Tsien suffered from asthma as a child, and as a result, he was often indoors. He spent hours conducting chemistry experiments in his basement laboratory. When he was 16, he won first prize in the nationwide Westinghouse Talent Search with a project investigating how metals bind to thiocyanate.
Tsien contributed to the fields of cell biology and neurobiology by discovering genetically programmable fluorescent tags, thereby allowing scientists to watch the behavior of molecules in living cells in real time. He also developed fluorescent indicators of calcium ions and other ions important in biological processes.
GFP Movie showing entire structure and zoom in to fluorescent chromophore. Movie created by Erik A. Rodriguez with UCSF Chimera from PDB: 1EMA in memory of Roger Y. Tsien for the Birch Aquarium.
In 2004, Tsien was awarded the Wolf Prize in Medicine "for his seminal contribution to the design and biological application of novel fluorescent and photolabile molecules to analyze and perturb cell signal transduction."
The multicolored fluorescent proteins developed in Tsien's lab are used by scientists to track where and when certain genes are expressed in cells or in whole organisms. Typically, the gene coding for a protein of interest is fused with the gene for a fluorescent protein, which causes the protein of interest to glow inside the cell when the cell is irradiated with ultraviolet light and allows microscopists to track its location in real time. This is such a popular technique that it has added a new dimension to the fields of molecular biology, cell biology, and biochemistry.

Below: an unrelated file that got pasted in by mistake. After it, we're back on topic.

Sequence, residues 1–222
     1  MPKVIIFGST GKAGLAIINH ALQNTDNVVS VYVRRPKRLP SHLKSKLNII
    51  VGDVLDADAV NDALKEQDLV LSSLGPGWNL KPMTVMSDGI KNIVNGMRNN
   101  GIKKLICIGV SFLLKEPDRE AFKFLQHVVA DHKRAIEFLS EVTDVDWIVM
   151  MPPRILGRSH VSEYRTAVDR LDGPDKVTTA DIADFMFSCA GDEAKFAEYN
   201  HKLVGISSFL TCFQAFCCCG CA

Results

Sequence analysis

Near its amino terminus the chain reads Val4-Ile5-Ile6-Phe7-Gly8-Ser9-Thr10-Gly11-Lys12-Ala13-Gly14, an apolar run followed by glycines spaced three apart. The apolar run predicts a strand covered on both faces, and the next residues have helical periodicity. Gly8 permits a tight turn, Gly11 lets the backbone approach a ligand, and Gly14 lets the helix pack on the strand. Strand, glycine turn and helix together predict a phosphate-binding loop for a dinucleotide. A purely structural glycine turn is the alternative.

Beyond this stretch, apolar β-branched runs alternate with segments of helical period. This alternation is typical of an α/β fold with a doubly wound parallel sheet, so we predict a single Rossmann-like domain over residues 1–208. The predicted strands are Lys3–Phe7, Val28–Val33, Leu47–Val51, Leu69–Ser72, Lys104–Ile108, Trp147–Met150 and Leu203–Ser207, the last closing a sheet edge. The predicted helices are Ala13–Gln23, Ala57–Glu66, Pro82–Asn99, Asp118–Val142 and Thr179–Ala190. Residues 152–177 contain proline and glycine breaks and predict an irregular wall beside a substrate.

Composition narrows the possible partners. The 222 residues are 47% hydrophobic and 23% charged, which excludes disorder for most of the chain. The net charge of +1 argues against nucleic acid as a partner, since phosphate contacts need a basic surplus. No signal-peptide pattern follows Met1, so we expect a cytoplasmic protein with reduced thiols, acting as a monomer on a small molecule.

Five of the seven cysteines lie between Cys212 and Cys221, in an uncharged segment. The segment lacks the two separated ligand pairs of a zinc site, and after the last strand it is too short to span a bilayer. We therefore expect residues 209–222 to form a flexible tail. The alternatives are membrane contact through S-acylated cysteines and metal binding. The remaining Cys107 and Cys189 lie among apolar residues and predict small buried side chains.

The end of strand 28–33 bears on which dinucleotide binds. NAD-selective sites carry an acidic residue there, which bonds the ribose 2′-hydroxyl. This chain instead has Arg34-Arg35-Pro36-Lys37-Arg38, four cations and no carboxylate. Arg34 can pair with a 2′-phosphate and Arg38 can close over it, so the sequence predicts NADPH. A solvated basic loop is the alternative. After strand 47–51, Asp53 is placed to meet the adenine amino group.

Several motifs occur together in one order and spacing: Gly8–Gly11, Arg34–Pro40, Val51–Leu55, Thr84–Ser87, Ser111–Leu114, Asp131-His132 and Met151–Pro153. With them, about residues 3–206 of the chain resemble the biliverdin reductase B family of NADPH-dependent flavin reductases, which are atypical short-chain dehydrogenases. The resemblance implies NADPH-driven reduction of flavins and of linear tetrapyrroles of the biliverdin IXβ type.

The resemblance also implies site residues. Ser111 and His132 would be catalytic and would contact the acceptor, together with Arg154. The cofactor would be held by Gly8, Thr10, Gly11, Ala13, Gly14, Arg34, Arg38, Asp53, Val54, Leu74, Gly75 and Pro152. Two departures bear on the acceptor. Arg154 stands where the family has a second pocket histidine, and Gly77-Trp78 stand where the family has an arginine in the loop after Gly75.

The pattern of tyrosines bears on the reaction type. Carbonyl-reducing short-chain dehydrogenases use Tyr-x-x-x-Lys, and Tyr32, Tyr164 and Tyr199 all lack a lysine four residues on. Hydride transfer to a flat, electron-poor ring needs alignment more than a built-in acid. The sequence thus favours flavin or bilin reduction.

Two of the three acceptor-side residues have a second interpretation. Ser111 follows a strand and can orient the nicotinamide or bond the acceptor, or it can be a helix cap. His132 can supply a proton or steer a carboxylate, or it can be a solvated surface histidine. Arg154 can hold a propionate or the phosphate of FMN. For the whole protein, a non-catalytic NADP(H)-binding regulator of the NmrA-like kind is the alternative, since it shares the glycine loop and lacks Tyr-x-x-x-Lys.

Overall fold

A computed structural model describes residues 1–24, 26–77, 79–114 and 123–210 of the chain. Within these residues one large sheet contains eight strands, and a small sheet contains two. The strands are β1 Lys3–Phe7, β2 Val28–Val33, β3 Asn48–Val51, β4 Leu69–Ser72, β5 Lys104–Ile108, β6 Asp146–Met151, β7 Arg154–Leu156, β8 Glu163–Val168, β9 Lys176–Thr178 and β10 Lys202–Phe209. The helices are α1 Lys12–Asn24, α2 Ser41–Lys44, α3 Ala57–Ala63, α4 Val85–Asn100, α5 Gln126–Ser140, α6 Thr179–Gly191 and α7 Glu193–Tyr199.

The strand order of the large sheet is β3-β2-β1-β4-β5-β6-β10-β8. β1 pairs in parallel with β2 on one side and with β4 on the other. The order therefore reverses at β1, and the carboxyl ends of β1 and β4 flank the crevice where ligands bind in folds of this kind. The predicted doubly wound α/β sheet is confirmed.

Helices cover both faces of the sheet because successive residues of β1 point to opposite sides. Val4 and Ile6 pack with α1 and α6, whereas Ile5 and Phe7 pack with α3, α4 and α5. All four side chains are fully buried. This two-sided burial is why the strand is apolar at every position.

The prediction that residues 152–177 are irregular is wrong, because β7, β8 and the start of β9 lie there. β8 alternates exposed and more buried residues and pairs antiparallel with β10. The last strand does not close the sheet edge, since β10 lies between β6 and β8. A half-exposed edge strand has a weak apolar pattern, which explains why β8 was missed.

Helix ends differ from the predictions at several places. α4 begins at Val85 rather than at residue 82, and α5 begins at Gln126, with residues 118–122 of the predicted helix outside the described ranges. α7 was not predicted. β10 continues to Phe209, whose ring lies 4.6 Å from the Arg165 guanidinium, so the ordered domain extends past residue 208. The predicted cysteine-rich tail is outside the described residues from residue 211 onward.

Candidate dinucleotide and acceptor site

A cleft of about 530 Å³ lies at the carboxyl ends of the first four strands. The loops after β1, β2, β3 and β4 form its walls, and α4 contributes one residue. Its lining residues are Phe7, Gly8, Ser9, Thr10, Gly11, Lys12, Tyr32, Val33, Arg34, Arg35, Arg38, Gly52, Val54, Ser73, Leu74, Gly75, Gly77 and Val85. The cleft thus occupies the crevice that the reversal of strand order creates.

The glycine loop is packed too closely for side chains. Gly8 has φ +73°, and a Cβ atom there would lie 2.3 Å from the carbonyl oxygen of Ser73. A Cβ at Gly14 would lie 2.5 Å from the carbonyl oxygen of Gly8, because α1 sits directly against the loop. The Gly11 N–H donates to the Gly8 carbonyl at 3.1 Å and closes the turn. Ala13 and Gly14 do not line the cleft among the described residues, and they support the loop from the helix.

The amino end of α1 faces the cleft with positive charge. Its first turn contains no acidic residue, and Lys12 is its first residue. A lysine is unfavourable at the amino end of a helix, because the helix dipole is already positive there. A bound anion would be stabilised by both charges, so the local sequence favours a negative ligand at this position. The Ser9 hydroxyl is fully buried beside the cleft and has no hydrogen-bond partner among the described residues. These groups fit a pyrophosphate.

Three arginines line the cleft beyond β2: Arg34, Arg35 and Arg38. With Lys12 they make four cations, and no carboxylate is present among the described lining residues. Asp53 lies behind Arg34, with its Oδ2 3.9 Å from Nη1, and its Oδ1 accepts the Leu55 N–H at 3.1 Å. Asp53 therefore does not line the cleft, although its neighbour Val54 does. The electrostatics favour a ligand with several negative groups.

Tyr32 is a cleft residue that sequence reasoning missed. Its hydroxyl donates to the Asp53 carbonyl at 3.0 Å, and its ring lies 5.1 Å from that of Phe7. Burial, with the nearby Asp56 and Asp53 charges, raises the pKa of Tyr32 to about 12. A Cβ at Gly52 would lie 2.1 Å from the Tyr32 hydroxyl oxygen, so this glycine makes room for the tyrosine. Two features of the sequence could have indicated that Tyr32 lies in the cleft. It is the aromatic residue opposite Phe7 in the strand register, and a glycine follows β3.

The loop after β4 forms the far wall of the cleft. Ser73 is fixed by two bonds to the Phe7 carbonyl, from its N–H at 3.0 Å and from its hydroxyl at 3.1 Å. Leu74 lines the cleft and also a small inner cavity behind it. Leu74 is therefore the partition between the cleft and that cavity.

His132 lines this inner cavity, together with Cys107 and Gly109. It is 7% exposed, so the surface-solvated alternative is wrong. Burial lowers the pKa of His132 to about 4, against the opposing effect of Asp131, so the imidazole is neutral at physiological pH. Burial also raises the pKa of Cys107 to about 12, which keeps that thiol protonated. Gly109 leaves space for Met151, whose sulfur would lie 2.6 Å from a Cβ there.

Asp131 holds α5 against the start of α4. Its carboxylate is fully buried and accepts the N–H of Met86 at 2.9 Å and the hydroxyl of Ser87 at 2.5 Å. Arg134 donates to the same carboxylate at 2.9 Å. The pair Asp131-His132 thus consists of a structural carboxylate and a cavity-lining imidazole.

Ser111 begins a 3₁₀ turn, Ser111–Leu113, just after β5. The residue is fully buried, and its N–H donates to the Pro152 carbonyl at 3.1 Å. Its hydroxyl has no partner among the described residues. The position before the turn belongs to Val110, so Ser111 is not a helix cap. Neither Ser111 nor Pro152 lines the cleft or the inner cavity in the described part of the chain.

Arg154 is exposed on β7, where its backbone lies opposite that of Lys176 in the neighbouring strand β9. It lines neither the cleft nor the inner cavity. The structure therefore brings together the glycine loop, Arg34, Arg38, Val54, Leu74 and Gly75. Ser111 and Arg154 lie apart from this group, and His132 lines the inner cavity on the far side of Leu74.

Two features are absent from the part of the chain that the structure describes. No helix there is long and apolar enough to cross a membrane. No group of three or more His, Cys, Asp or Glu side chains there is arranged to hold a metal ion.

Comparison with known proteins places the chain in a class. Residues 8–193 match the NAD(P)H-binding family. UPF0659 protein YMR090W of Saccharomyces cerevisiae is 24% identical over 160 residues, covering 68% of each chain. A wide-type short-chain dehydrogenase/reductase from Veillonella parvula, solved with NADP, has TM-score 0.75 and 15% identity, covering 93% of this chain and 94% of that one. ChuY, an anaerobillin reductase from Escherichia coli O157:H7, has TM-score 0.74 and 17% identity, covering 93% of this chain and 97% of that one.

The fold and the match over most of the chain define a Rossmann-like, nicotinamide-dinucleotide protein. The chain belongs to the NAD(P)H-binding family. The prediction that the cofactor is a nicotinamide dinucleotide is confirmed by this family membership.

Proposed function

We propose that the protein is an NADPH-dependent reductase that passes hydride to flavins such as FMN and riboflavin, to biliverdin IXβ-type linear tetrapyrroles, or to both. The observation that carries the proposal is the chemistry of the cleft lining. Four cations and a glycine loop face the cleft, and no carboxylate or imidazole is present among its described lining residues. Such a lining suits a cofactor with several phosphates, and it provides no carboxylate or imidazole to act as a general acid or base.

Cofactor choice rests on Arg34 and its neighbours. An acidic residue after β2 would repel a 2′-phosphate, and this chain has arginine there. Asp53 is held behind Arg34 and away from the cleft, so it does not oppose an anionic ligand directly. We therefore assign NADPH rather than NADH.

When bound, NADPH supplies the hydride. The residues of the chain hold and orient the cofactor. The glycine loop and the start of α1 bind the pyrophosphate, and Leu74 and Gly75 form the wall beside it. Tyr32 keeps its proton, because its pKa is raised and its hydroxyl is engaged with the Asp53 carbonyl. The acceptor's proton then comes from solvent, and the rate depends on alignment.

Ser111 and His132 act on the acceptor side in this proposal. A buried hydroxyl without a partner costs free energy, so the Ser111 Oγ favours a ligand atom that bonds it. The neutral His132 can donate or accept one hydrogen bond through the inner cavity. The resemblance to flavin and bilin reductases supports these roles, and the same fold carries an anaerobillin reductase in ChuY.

Since the discovery of the wild typeGFP, numerous different mutants of GFP have been engineered and tested. The first significant leap forward was a single point mutation (S65T) reported by Tsien in 1995 in Nature. This mutation dramatically improved the fluorescent (both intensity and photostability) and spectral characteristics of GFP. A shift of the major excitation peak to 488 nm with the emission peak staying at 509 nm thus can be clearly observed, which matched very well the spectral characteristics of commonly available FITC facilities. All these then largely amplified the practicality of using GFP by scientists in their research. Tsien mainly contributed to much of our understanding of how GFP works and for developing new techniques and mutants of GFP.
Former trainees of Roger Y. Tsien include Atsushi Miyawaki and Alice Y. Ting.
Timelines of GFP-development involved by Tsien:
1994: Tsien showed the mechanism that GFP chromophore is formed in a chemical reaction which requires oxygen but without help from the other proteins.
1994–1998: Tsien and collaborators made various GFP mutants by genetic modification and structural tweaking. Newly created variants of GFP can shine more brightly and show different colours, such as yellow, cyan, and blue.
2000–2002: Tsien produced monomeric variants of DsRED, which can glow in shades of red, pink, and orange. Remarkably, since then complicated marcromolecular networks of living organisms can be labelled or marked by using "all the colours of the rainbow".